6. After the adoption of Dwarka Nath the Court of Wards released the estate of Rani Gomti Bibi, and again assumed superintendence of the estate, with effect from the date of adoption, on behalf of Dwarka Nath. Rani Gomti Bibi died on 5-1-1943, and on 21-5-1945, the present suit was filed. The plaintiffs alleged that upon the death of Rai Pratap Chandra, Rani Gomti Bibi inherited a widow's estate; that Rani Gomti Bibi was an ignorant, illiterate and pardanashin lady greatly under the influence of the Brahmins and the priests, and particularly Gaya Prasad her brother, who taking advantage of the situation and to serve their own selfish ends, made her commit various acis of waste and mismanagement as a result of which the bulk of the personal estate left by Rai Pratap Chandra was dissipated and a large portion of the estate was colourably and fraudulently transferred to the prejudice of the reversionary heir.
The plaintiffs further contended that the deed Ex. 20 dated 25-9-1.902 and the deed Ex. A-5 dated 19-8-1904 (with which alone we are now concerned, the case with regard to the other two deeds Ex. 70 and Ex. 30 dated 24-11-1901 and 17th December 1907 respectively having been abandoned at the trial) though executed ostensibly to confer spiritual benefit on Raj Pratap Chandra were actually executed to benefit Gaya Prasad and his descendants.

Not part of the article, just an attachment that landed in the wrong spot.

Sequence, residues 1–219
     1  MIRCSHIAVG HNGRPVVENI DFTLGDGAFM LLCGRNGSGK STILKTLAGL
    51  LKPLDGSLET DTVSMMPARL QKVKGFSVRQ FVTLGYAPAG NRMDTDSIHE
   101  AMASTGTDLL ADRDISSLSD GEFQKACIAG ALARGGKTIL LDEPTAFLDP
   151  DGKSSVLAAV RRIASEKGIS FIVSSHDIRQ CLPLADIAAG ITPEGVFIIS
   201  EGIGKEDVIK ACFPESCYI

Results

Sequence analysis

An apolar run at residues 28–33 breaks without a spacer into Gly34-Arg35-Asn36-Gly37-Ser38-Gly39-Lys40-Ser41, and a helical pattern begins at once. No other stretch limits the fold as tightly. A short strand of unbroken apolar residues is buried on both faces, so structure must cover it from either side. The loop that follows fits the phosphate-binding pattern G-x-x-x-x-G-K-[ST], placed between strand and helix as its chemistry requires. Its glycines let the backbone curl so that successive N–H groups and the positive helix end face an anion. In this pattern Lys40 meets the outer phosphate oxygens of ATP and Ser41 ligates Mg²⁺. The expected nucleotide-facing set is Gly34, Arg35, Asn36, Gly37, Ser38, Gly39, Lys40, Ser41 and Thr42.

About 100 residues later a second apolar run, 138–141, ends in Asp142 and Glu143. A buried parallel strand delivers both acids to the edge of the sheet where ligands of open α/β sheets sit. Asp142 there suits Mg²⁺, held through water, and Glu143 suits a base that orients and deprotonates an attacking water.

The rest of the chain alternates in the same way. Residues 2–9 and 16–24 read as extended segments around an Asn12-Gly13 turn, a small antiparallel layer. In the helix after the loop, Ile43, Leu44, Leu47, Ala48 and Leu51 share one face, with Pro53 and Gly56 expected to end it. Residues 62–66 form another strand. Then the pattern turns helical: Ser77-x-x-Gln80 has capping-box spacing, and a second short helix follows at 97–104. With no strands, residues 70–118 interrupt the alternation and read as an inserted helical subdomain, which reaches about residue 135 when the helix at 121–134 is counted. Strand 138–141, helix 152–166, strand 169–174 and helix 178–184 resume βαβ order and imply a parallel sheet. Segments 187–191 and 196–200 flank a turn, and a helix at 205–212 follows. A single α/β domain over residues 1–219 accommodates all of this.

7. Budhsen, the son of Gaya Prasad, who by then was dead, contested the suit on his own behalf and on behalf of the deities, He pleaded that according to the custom prevailing in the family of Rai Pratap Chandra, a widow who succeeds to her husband has full power of disposal over the assets inherited by her, and according to that custom it was open to Rani Gomti Bibi to make alienations which would enure beyond her life-time. He contended that the endowments dated 25-9-1902, and the 19th of August 1904, were valid transactions and were not open to challenge by the reversioner.